2. gmart, I read in the notes relating to this passage in the New American Bible that the classical Greek word used in the Bread of Life Discourse for “to eat” is the animal sense of eating, so literally, “to gnaw” or “munch.” In modern Greek, there isn’t a distinction. Since the oldest scrolls are written in classical Greek, that’s the meaning we should use. I don’t see how we are supposed to munch on something that “represents” Christ. And Jesus goes to a lot of trouble to point out that He IS the Bread of Life. I don’t think an argument for “representing” holds water.

    I can’t elaborate on #2.

  3. Dear, Loving, Merciful, Jesus Christ, what do humanity want You to do to convince them that You are truly Present, Body, Blood, Soul and Divinity in the Eucharist????? Since the Luciano Miracle over 1,300 years ago – which is still ongoing – and many others after, why do Protestants still deny Your Real Presence in the Consecrated Bread and Wine???? To those who are Eucharistic Apostles of the Divine Mercy, we have Saint Faustina who saw you many, many times in the Blessed Eucharist. But we faithfully follow Your Divine Teaching….”Blessed are those who did not see but yet believe…”. We do not need the miracles to unshakably believe that at the time of Consecration You, Yourself, in the person of the Priest offer Yourself to our Heavenly Father and at the same instant become physically Present in the species of Bread and Wine. This is Your Divine Gift to us – this is truly Emmanuel – God with us. How blessed are we to kneel or sit, praying, meditating and listening to You before us in the Adoration Chapels of the world where You are exposed….oh, how blessed are we, who, after You wash our sins in Your Tribunal of Mercy, are made less unworthy to receive You in the Eucharist…..You, our Loving Saviour Present in the Eucharist are the Heart and the Soul of our One, Holy, Catholic and Apostolic Church….now until The End of Time. Thank You, Jesus for this Sacrament of Love and Mercy which is the Source,the Life and the Centre of all the other Divine Sacraments.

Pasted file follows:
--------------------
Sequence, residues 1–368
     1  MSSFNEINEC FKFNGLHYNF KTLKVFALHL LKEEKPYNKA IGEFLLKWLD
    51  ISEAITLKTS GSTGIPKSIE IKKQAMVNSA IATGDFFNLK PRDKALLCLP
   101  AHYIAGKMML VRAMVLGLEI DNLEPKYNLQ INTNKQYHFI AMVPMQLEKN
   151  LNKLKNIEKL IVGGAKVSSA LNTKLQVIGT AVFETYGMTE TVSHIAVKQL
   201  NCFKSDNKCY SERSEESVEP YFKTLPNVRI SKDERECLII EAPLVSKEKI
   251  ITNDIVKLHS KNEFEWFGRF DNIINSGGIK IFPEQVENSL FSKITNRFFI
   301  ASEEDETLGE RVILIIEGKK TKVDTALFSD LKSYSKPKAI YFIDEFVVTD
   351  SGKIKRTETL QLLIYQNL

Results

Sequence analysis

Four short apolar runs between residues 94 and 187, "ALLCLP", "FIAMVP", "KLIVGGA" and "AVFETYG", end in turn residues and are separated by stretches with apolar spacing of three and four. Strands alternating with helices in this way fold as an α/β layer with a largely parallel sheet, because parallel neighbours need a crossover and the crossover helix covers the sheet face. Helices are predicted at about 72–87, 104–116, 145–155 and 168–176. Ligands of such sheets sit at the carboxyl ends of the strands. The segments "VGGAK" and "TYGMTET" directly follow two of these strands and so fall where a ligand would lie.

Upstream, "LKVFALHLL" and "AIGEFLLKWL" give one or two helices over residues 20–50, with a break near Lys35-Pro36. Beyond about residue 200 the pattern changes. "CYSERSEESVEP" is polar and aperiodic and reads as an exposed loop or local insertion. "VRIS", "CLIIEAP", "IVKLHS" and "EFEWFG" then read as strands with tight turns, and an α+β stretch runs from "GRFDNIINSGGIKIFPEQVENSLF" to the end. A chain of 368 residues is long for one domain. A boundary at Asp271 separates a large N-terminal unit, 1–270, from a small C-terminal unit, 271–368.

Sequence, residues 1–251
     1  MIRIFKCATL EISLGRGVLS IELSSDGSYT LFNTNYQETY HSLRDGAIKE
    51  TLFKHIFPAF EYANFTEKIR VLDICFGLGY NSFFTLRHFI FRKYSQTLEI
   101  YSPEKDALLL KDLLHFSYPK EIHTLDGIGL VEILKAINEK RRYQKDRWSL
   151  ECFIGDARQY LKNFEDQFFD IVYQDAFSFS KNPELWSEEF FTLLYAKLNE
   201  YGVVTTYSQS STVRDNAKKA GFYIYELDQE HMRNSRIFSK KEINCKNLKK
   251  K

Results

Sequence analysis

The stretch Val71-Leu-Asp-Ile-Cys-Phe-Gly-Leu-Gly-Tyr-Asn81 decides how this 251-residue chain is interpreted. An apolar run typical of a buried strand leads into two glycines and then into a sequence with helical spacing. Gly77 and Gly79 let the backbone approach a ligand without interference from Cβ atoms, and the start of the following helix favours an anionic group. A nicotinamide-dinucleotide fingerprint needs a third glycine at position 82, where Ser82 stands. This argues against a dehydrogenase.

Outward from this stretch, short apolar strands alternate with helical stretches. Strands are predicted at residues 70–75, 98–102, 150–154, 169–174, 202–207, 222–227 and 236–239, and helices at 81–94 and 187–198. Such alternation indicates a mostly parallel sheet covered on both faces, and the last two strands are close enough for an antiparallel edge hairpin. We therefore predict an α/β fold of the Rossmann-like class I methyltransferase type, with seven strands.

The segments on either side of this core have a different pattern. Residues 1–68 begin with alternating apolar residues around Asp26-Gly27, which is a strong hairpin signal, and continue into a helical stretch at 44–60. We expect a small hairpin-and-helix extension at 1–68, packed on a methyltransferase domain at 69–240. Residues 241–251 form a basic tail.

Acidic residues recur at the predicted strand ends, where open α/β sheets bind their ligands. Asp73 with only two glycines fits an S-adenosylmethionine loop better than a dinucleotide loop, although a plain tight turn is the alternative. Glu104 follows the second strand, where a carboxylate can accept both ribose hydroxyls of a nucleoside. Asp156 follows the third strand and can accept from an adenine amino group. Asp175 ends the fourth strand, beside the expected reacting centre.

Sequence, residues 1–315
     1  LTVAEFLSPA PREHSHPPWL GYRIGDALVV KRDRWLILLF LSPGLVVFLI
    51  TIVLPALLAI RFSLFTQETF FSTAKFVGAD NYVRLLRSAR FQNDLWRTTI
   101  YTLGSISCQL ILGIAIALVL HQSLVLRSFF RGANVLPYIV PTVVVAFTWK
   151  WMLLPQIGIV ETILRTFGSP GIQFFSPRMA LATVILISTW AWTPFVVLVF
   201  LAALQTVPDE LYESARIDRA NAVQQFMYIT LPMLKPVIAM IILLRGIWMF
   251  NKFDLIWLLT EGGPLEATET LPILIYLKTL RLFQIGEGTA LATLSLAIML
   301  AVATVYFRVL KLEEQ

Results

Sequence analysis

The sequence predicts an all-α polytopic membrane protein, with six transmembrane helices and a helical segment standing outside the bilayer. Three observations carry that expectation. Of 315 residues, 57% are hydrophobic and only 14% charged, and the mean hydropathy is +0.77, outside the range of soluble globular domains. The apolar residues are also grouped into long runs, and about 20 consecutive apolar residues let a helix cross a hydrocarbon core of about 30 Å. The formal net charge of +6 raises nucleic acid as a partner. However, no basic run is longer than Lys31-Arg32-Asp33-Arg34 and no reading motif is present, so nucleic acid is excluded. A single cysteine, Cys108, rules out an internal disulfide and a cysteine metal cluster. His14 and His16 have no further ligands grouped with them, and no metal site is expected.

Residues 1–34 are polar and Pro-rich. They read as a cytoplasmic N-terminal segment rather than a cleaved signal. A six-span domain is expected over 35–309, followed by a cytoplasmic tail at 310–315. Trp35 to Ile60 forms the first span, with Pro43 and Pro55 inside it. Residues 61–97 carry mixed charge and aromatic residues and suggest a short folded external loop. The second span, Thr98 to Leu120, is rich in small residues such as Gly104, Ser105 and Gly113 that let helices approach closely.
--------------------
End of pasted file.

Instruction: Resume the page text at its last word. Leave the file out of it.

4. Very good examination and refutation! I recently started an apologetic themed blog my self and one of my very first post delt with this very matter! One of the most understated things in Jn 6, is Jesus’ use of the word “sarx” when he explains that you have to eat His flesh. Many protestants claim that He uses the word “soma” which means body but, in the Greek, John deliberately replaces soma for sarx that is, He replaces the word body for flesh.

    Additionally one must also take into consideration the use of the word “eat” in Jn. 6 as it changes from “phago” (to eat) to “trogo” (to chew, naw, crunch). Verses 54-58 literally have Jesus saying that we have to “trogo” His “sarx,” that is, we have to chew upon His flesh. See here:

  5. To above,

    The Greek work used in John 6:55 (“My flesh is true food”) and in Luke 22:19 (“this is My Body”) is ‘estin’, the third-person present form of the Greek verb for ‘to be’. Every language has this word, and it means what it means. Can your Protestant interlocutor point to any usage in the New Testament of ‘estin’ (or other form of the verb) that MUST unequivocally mean ‘represent’?

    The pagan Romans accused the early Christians of cannibalism, too. Same misunderstanding of the same data. Who was right?

  6. All through chapter John 6, Jesus insists that we have to eat his flesh and drink his blood to have eternal life. yet some “Christians” inssist that he did not mean it literally even when Jesus keep using more graphic languagae to make his point.Is Jesus lying ? Is Jesus a hypocrite ? If the Jesus is a liar and a hypocrite, why should we worship him ?

    My interpretation of John 6:63 is this. Jesus was the logos incarnate. Jesus flesh is that of a mortal man, but his spirit is that of the Word (logos). The Roman was able to scourge and killed Jesus’ mortal flesh on the cross. It was the spirit of God that raised Jesus mortal flesh from the dead. When we eat consecrated host (the Eucahrist), it is bread infused with the Spirit of God.